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Journal Article

Geochemical evidence for fugitive gas contamination and associated water quality changes in drinking-water wells from Parker County, Texas

Authors: Whyte CJ, A Vengosh, NR Warner, RB Jackson, K Muehlenbachs, FW Schwartz, TH Darrah

Extensive development of horizontal drilling and hydraulic fracturing enhanced energy production but raised concerns about drinking-water quality in areas of shale-gas development. One particularly controversial case that has received significant public and scientific attention involves possible contamination of groundwater in the Trinity Aquifer in Parker County, Texas. Despite extensive work, the origin of natural gas in the Trinity Aquifer within this study area is an ongoing debate. Here, we present a comprehensive geochemical dataset collected across three sampling campaigns along with integration of previously published data. Data include major and trace ions, molecular gas compositions, compound-specific stable isotopes of hydrocarbons (δ13C-CH4, δ13C-C2H6, δ2H-CH4), dissolved inorganic carbon (δ13C-DIC), nitrogen (δ15N-N2), water (δ18O, δ2H, 3H), and noble gases (He, Ne, Ar), boron (δ11B) and strontium (87Sr/86Sr) isotopic compositions of water samples from 20 drinking-water wells from the Trinity Aquifer. The compendium of data confirms mixing between a deep, naturally occurring salt- (Cl >250 mg/L) and hydrocarbon-rich groundwater with a low-salinity, shallower, and younger groundwater. Hydrocarbon gases display strong evidence for sulfate reduction-paired oxidation, in some cases followed by secondary methanogenesis. A subset of drinking-water wells contains elevated levels of hydrocarbons and depleted atmospherically-derived gas tracers, which is consistent with the introduction of fugitive thermogenic gas. We suggest that gas originating from the intermediate-depth Strawn Group ("Strawn") is flowing along the annulus of a Barnett Shale gas well, and is subsequently entering the shallow aquifer system. This interpretation is supported by the expansion in the number of affected drinking-water wells during our study period and the persistence of hydrocarbon levels over time. Our data suggest post-genetic secondary water quality changes occur following fugitive gas contamination, including sulfate reduction paired with hydrocarbon oxidation and secondary methanogenesis. Importantly, no evidence for upward migration of brine or natural gas associated with the Barnett Shale was identified.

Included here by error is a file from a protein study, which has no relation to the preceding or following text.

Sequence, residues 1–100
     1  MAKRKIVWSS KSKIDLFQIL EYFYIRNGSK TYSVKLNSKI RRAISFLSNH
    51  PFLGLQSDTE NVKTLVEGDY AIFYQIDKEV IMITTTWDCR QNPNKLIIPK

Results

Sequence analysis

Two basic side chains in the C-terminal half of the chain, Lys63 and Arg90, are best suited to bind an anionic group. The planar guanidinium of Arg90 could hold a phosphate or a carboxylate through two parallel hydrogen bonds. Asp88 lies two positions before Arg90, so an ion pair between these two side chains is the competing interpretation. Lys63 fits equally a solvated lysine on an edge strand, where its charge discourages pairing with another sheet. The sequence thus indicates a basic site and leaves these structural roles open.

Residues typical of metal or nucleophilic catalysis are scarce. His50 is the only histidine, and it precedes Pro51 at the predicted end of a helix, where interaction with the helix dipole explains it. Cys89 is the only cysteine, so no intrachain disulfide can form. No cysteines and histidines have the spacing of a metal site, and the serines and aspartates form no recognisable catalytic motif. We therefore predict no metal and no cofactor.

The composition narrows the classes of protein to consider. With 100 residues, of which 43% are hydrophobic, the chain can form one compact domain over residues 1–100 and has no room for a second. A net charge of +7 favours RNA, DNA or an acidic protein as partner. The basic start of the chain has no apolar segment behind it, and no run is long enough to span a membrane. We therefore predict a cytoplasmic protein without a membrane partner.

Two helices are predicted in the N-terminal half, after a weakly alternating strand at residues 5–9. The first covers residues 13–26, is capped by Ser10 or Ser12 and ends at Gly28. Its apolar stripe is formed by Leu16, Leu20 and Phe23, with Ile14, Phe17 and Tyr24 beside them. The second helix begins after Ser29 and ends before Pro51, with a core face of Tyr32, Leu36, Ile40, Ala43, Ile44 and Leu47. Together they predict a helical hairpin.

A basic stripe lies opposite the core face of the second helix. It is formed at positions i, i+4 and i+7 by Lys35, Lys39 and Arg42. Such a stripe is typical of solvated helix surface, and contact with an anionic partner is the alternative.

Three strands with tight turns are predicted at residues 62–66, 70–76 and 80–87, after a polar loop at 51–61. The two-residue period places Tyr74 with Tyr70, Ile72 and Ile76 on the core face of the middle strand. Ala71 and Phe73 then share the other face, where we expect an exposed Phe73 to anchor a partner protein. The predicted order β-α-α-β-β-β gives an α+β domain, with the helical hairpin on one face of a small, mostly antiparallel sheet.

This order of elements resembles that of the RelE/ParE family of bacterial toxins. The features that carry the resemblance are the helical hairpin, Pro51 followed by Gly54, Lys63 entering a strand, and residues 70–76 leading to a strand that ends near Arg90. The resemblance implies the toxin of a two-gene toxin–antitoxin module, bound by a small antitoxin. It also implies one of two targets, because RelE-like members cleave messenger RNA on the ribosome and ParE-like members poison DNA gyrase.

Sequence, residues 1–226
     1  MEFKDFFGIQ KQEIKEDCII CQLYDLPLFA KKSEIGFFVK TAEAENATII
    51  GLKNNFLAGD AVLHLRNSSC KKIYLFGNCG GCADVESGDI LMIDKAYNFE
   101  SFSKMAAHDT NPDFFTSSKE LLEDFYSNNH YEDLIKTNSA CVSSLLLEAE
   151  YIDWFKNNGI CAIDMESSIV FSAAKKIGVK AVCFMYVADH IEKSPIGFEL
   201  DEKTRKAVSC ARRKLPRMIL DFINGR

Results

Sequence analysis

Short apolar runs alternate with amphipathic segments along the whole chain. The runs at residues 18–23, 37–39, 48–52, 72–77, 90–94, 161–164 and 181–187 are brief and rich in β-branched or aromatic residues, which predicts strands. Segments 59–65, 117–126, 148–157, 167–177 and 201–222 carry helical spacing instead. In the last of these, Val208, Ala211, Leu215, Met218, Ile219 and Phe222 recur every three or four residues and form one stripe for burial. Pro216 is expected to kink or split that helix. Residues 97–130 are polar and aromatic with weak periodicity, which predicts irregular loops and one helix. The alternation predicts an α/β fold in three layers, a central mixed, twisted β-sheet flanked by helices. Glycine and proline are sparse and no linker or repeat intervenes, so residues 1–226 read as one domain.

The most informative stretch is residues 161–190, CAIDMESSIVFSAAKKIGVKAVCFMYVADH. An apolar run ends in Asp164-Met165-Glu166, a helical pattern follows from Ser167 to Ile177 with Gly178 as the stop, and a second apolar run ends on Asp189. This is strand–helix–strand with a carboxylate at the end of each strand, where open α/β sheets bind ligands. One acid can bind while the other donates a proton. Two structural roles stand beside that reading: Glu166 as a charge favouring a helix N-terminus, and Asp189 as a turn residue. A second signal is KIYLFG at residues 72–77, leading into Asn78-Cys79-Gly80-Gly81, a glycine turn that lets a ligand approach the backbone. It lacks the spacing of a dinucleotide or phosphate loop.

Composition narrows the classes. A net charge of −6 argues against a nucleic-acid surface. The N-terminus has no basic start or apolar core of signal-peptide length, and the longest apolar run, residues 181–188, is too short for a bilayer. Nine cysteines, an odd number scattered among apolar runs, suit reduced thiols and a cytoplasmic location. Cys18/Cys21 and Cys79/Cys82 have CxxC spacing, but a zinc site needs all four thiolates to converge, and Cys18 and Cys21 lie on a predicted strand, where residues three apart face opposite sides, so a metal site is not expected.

Journal Name
Science of the Total Environment
Publication Date